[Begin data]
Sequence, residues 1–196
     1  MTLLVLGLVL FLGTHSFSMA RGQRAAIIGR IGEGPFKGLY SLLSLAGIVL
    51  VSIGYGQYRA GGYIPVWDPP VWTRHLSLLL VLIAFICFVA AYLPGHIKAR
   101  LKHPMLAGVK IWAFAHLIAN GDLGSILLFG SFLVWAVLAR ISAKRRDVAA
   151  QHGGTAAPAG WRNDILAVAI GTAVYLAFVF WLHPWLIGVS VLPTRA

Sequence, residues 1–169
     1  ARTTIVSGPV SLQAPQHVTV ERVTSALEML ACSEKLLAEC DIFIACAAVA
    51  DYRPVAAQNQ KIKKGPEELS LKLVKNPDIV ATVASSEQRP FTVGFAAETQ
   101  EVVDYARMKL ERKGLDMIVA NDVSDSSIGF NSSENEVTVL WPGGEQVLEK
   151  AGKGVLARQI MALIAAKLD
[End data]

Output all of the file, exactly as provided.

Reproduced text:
Sequence, residues 1–196
     1  MTLLVLGLVL FLGTHSFSMA RGQRAAIIGR IGEGPFKGLY SLLSLAGIVL
    51  VSIGYGQYRA GGYIPVWDPP VWTRHLSLLL VLIAFICFVA AYLPGHIKAR
   101  LKHPMLAGVK IWAFAHLIAN GDLGSILLFG SFLVWAVLAR ISAKRRDVAA
   151  QHGGTAAPAG WRNDILAVAI GTAVYLAFVF WLHPWLIGVS VLPTRA

Sequence, residues 1–169
     1  ARTTIVSGPV SLQAPQHVTV ERVTSALEML ACSEKLLAEC DIFIACAAVA
    51  DYRPVAAQNQ KIKKGPEELS LKLVKNPDIV ATVASSEQRP FTVGFAAETQ
   101  EVVDYARMKL ERKGLDMIVA NDVSDSSIGF NSSENEVTVL WPGGEQVLEK
   151  AGKGVLARQI MALIAAKLD